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Stats On Colours And Their Ease Of Reading And Interpretation Online...


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#1 glyn

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Posted 03 September 2012 - 02:41 AM

I'm divided between two choices for a new website design.

One uses a red horizonal meny bar, and the other a grey.

The text is white.

Come on Kim tell me that I'm right to pick grey (colour blindness and ease of reading).

I need some concrete research.

Markets are EU and Japan/China.

ASAP.

Cheers

:)

Edited by glyn, 03 September 2012 - 02:42 AM.


#2 Guest_joedolson_*

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Posted 03 September 2012 - 10:22 AM

Without knowing the shade of gray or the shade of red, it's hard to give you any information on color blindness response. You can do a color contrast check between them, however, and see where they fall on the WCAG color contrast guidelines:

http://www.joedolson...ast-compare.php

If it's a dark grey, you're probably fine. But if it's pretty light - in the #777/#888 range -- that's probably not providing enough contrast to be useful.

From a straight-up readability perspective, there's no technical difference between choosing something in a red spectrum vs a gray spectrum. The specific shade, however, matters immensely.

You may also want to read up on the general readability of inverse color schemes (light text on a dark background):

http://www.joedolson...-color-schemes/

#3 cre8pc

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Posted 03 September 2012 - 01:00 PM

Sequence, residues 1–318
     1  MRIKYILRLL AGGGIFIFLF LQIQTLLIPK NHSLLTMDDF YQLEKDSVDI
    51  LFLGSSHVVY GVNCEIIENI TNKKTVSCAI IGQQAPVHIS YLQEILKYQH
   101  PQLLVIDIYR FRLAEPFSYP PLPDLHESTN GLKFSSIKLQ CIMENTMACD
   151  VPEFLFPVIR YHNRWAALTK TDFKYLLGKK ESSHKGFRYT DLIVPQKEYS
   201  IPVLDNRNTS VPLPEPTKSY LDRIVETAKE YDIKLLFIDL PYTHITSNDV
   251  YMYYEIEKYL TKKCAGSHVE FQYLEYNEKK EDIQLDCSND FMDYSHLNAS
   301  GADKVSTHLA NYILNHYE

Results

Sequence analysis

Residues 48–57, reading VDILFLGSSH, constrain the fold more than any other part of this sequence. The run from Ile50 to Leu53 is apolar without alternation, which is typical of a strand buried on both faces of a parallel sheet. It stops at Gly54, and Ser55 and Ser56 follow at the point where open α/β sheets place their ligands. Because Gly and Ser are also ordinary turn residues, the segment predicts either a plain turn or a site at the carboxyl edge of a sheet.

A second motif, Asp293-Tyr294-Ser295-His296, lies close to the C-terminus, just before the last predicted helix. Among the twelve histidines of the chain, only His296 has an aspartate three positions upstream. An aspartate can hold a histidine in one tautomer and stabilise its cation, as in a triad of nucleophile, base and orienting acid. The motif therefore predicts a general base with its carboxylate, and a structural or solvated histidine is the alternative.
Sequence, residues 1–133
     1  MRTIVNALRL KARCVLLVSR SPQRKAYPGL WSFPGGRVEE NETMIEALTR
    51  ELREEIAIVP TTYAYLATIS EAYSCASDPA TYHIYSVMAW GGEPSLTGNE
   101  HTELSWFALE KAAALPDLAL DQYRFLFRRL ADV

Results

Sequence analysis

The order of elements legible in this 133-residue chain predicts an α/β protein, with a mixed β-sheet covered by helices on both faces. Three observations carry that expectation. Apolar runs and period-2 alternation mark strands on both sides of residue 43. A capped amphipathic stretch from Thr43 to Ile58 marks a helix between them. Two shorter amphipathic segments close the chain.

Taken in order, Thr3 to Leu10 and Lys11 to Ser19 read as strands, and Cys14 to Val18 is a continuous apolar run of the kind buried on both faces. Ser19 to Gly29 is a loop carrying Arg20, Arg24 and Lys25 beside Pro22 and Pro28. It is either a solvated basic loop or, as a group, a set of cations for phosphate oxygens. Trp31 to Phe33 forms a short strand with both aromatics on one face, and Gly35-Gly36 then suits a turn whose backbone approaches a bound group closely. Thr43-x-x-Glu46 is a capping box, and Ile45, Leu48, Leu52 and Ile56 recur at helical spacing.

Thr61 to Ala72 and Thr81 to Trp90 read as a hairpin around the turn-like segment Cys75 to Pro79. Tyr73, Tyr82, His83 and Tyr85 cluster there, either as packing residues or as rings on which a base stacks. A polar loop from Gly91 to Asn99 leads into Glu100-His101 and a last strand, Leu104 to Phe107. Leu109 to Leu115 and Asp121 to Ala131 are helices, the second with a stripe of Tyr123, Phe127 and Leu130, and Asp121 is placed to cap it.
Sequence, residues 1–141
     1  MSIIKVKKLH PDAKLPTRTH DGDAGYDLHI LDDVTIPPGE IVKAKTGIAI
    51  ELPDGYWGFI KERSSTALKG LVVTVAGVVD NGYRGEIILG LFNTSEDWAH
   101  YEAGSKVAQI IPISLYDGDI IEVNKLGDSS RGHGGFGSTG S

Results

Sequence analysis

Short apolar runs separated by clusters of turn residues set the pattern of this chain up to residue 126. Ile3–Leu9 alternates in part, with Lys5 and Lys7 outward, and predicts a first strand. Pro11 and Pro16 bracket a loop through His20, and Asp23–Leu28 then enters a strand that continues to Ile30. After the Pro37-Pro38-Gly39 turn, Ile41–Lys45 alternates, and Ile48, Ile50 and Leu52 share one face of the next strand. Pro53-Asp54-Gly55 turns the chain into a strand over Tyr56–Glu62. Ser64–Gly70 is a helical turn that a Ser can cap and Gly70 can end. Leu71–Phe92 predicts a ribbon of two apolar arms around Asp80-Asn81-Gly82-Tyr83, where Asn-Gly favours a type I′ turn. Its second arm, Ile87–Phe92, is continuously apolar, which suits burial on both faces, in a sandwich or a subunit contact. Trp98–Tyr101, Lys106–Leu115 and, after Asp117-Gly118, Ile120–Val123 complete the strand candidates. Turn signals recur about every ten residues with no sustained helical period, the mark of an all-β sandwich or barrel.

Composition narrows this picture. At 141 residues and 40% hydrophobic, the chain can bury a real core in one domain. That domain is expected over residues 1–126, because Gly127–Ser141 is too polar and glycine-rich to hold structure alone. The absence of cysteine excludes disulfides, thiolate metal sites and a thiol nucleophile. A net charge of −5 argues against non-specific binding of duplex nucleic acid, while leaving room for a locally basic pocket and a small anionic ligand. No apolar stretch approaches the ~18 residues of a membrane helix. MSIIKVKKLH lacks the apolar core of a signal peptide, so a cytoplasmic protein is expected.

Who is your target visitor?

Your color choices, for best usability, should:

Be aware of colorblind users, such as men, who are more colorblind. Red is typically not seen as red.

Age of visitors. While younger readers tolerate situations where contrasts are muddy, older visitors do struggle. When using white or light gray text color against colored background, while it looks really cool, follow what Joe suggested. I always test colors and contrasts.

Emotions. Humans place different emotions on colors. Blue is comforting. The color palette should be complimentary colors. Aim for an overall sense of whatever it is you wish to convey (excitement, professional/straight, professional with a bit of jazz, playful, calm/healing, cool dude, etc.)

Studies - both men and women dislike red and orange and brown; men dislike purple while women like it, both like blue...

Asian countries are fine with red.

Will see if I can find more info on countries outside the USA .

#4 cre8pc

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Posted 03 September 2012 - 01:28 PM

Still hunting for country specific color studies...

The Use of Color in User Interfaces

An Empirical Investigation of Color Temperature and Gender Effects on Web Aesthetics

The following list summarizes practical take-aways that practitioners can get from this article:

  • Choose a Web site’s colors wisely as they will impact visitors’ impressions of its order and creativity.
  • The safest split-complementary color schemes (in terms of influencing users’ impressions of a Web site’s aesthetic appeal) are those with a cool primary color (e.g., blue) for the top or global part of the page. Similarly, a cool secondary color is safer than a warm one. It should be noted that context is an overriding factor; in certain cases warm color combinations may result in higher aesthetic appeal.
  • Using cool color schemes will create favorable impressions about the Web site’s design, which in turn may translate in building credibility and trust.
  • Web site designs that appear orderly are more likely to be also perceived as aesthetically pleasing and in turn more usable.
  • No gender differences arose in terms of color preference in this context (i.e., hotel Web sites).
  • When gauging the appeal of a Web site design, two discriminant dimensions should always be measured, i.e., classical and expressive aesthetics.
  • Web site’s orderly presentation. Designers and managers should gauge users’ perceptions on the Web site’s clarity, aesthetics, pleasantness (as shown in this study), cleanliness, and symmetry (validated in past studies).